Dir. Jacques Tourneur
Jacques Tourneur made Out of the Past of course, one of the greatest film noirs of them all. Less heralded but also excellent is this adaptation of a David Goodis novel, which stars Brian Keith, Aldo Ray, and a young Ann Bancroft. Not unlike Out of the Past, Nightfall tells its tale partly through flashbacks, and it’s very strong on mood. It’s noir to the core, though a lot of it takes place in snowy, bright lit landscapes. The camerawork, by cinematographer Bernard Guffey, is highly atmospheric. And in 79 minutes, the Stirling Silliphant script packs in a good bit of plot.
One thing about Tourneur that was unusual and that was pointed out to me in something I read by French filmmaker Bernard Tavernier: in his films Tourneur nearly always has his actors talk in low, calm tones. They almost never shout or engage in histrionics. There may be a lot of tension in a situation, but Tourneur’s actors talk in a modulated yet naturalistic way. This way of handling dialogue is really noticeable in Nightfall, and it makes the characters that much more real and believable to the viewer. Another low budget winner from Tourneur.
Dir. Irving Lerner
I learned about this film when I watched Martin Scorsese’s A Personal Journey with Martin Scorsese Through American Movies in the mid-1990s. It is indeed a remarkable film about an existentialist contract killer hired to kill a woman who is a witness in a high-profile trial in Los Angeles. The woman virtually never leaves her house and has police protection, so the job is difficult. In addition, the contract killer, Claude, has two assistants who don’t prove all that helpful. Murder by Contract has a spareness that turns a low budget to an advantage, and its cool, ironic approach was ahead of its time. This has to be a film that not only Scorsese loved (he says it’s the film that influenced him the most), but that someone such as Jean Pierre Melville must also have loved and learned from. There is not a wasted frame in this movie, and it has a sense of absurdism, in the dialogue and in how the plot unfolds, that’s timeless. Besides all that, there’s a striking musical score, all played on the guitar (not what you’d expect). Kudos here, too – as with Nightfall – to a masterful cameraman, in this case Lucien Ballard, who works wonders within the budgetary restraints. Murder by Contract is the quintessential example of no-nonsense, amoral, and often darkly funny noir.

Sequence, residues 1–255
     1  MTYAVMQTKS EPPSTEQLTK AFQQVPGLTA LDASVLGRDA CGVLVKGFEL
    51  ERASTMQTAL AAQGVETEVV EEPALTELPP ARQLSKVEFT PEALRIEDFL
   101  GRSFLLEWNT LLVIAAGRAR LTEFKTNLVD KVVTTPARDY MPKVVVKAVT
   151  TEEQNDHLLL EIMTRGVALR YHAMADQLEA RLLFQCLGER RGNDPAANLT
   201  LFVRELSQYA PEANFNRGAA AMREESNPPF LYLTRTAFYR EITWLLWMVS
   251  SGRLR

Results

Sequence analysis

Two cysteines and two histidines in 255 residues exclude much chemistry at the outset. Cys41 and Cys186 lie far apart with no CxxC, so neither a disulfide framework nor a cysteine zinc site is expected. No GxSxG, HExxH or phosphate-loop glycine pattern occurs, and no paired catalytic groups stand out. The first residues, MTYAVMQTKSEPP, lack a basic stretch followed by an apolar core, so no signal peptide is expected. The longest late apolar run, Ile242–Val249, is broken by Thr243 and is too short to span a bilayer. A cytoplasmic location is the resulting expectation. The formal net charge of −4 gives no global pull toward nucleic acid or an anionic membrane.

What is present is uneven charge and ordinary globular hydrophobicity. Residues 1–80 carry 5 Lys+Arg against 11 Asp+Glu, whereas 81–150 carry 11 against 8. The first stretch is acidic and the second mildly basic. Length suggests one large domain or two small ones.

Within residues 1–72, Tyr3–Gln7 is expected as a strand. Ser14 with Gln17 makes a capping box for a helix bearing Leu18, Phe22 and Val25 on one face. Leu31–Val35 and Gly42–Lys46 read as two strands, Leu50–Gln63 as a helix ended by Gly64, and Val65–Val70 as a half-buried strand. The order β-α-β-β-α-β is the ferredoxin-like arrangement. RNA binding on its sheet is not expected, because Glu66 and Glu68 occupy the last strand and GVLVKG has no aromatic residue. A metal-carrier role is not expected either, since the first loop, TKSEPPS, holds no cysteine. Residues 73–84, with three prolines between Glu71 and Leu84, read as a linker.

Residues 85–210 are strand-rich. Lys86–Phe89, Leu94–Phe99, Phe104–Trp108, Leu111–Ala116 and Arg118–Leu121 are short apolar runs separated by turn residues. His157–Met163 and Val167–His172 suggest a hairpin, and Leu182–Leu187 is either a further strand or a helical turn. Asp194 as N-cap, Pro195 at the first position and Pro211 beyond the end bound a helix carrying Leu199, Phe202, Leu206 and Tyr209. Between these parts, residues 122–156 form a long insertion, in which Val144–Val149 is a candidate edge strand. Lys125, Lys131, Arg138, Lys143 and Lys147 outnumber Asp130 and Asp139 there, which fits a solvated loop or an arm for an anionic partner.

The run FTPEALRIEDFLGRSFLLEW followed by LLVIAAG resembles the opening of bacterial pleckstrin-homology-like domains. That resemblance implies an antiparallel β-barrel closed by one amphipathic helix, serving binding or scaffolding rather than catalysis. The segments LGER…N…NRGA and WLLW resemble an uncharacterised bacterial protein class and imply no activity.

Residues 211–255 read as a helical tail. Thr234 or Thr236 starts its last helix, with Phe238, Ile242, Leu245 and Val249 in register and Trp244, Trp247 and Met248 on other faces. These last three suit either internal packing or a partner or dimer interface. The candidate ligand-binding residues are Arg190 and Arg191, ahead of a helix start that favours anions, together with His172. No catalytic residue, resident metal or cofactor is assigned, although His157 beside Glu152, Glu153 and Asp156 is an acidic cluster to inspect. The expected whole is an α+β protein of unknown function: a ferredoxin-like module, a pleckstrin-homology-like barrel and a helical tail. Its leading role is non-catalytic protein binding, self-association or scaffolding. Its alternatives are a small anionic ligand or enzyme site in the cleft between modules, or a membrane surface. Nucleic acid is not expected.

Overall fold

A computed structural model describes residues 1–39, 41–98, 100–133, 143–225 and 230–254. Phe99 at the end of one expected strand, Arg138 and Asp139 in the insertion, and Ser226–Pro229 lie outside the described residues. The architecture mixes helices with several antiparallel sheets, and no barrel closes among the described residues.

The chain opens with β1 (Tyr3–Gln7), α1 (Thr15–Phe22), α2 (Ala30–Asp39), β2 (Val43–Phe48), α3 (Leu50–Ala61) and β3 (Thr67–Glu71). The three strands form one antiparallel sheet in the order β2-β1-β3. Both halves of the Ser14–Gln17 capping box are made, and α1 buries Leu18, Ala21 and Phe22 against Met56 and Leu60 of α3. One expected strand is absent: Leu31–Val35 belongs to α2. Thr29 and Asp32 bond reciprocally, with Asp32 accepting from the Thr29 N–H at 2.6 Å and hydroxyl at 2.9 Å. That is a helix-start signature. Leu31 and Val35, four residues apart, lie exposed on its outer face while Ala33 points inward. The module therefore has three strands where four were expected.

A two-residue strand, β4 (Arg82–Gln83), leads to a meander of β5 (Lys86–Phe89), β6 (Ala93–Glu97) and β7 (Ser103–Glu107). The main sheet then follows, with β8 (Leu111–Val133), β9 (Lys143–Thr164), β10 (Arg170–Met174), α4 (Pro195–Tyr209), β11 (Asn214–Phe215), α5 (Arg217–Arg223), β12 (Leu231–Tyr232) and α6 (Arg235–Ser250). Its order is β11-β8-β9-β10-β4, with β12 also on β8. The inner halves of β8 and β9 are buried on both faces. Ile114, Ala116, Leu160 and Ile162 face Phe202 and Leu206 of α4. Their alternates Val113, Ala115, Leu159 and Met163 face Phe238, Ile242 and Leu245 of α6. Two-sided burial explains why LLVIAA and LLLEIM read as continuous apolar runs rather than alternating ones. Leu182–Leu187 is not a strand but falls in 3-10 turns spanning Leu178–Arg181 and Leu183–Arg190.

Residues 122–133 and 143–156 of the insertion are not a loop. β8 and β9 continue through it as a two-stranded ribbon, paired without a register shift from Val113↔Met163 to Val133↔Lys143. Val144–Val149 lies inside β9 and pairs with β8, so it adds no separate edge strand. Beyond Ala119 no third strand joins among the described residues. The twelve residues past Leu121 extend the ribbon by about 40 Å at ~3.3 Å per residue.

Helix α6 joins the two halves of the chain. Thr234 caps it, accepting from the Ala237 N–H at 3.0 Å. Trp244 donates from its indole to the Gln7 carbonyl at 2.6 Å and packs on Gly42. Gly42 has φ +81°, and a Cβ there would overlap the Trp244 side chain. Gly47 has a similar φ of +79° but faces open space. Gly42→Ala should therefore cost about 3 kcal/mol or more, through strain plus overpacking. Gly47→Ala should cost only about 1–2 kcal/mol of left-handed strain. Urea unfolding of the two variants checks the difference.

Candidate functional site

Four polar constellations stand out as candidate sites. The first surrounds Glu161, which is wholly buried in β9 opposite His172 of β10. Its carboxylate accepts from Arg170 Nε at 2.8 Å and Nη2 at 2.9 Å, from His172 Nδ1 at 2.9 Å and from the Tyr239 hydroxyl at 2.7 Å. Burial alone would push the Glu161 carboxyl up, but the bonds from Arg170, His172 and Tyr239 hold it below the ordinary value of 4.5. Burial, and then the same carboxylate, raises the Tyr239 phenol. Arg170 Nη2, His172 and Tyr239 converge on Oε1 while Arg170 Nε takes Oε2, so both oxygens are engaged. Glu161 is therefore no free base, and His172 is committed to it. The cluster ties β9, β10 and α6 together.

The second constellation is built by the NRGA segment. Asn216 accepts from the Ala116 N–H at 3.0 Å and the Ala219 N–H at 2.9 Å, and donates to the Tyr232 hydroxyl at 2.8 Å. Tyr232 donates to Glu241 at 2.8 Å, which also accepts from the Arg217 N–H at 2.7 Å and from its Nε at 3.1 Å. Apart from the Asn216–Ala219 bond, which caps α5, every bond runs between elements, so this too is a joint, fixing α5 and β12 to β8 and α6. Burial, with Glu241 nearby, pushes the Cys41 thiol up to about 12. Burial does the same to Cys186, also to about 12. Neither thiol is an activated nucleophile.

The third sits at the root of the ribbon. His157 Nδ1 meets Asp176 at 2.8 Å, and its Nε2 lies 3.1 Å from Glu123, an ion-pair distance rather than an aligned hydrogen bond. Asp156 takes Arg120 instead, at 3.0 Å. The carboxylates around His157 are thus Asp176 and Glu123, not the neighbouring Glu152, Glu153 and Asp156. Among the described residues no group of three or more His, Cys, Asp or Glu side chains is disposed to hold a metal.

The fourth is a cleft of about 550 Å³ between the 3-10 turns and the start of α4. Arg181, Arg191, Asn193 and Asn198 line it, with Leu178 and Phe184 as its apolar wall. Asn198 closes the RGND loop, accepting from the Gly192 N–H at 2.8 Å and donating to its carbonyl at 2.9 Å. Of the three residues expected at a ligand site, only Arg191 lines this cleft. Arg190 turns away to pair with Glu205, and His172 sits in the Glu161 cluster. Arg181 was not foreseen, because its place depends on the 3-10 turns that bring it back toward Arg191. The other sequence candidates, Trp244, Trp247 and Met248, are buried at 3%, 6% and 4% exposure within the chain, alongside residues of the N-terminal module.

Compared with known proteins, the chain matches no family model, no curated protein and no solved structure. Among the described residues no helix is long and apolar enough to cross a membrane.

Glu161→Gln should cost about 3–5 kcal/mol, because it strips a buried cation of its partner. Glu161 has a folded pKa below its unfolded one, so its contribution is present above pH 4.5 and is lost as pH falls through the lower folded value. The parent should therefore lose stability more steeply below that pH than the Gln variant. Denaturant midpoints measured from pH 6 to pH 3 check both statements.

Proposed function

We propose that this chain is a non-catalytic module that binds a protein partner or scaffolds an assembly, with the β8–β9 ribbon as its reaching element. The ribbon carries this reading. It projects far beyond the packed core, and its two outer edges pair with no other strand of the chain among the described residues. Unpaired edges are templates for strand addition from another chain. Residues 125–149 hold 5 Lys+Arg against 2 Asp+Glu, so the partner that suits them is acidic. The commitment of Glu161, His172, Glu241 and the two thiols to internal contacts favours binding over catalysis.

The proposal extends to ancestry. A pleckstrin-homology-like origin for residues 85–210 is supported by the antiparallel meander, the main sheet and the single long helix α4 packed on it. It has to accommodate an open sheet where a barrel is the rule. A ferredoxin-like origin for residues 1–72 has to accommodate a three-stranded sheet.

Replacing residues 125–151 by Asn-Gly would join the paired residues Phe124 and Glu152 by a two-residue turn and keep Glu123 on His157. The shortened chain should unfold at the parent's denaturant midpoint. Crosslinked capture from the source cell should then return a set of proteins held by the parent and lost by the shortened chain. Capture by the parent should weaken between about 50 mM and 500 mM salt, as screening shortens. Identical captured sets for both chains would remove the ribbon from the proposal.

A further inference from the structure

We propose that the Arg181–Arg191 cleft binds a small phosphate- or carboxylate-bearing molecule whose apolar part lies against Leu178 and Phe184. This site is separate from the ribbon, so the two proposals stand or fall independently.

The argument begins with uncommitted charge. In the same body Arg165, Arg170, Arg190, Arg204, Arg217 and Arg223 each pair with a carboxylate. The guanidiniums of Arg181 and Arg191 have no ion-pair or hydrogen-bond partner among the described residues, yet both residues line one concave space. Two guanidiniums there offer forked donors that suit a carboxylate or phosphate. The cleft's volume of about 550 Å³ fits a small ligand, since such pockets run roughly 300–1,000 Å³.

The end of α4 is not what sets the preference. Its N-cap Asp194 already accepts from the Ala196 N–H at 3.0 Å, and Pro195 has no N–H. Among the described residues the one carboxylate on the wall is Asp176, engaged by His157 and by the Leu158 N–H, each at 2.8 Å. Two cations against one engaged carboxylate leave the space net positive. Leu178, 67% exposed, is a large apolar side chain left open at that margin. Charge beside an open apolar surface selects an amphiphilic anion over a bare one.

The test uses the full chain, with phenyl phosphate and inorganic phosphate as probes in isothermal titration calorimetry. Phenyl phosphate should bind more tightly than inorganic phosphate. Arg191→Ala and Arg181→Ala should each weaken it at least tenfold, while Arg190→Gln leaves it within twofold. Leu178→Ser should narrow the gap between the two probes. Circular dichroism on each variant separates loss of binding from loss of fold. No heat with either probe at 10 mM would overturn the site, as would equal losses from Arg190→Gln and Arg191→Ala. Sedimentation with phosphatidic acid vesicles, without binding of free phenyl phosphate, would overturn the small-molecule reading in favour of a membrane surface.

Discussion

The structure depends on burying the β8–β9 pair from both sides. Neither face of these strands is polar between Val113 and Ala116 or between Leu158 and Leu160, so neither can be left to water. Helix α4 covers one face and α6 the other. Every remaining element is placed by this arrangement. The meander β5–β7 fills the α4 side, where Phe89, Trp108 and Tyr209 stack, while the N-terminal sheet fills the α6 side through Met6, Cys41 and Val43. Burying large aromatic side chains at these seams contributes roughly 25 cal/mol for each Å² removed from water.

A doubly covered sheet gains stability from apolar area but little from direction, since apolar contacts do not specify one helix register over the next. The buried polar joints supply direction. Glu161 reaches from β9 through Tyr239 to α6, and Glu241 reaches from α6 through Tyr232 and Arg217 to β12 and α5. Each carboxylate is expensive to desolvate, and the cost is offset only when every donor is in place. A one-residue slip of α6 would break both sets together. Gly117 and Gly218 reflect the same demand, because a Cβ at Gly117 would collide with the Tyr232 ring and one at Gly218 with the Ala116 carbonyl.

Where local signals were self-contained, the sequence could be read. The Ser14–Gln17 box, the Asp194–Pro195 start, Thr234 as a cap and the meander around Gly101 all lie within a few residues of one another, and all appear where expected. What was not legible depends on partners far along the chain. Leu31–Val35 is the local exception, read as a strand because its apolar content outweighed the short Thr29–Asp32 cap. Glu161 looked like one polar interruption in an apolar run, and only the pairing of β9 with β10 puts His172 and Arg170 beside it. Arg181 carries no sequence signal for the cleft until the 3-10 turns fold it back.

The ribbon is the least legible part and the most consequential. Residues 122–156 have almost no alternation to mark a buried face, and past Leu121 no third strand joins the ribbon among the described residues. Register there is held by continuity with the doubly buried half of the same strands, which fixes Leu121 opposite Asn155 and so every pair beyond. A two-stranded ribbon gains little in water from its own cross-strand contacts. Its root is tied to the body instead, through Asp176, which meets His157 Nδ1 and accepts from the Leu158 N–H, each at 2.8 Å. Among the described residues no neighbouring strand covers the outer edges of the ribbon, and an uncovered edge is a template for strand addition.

Dir. Vincente Aranda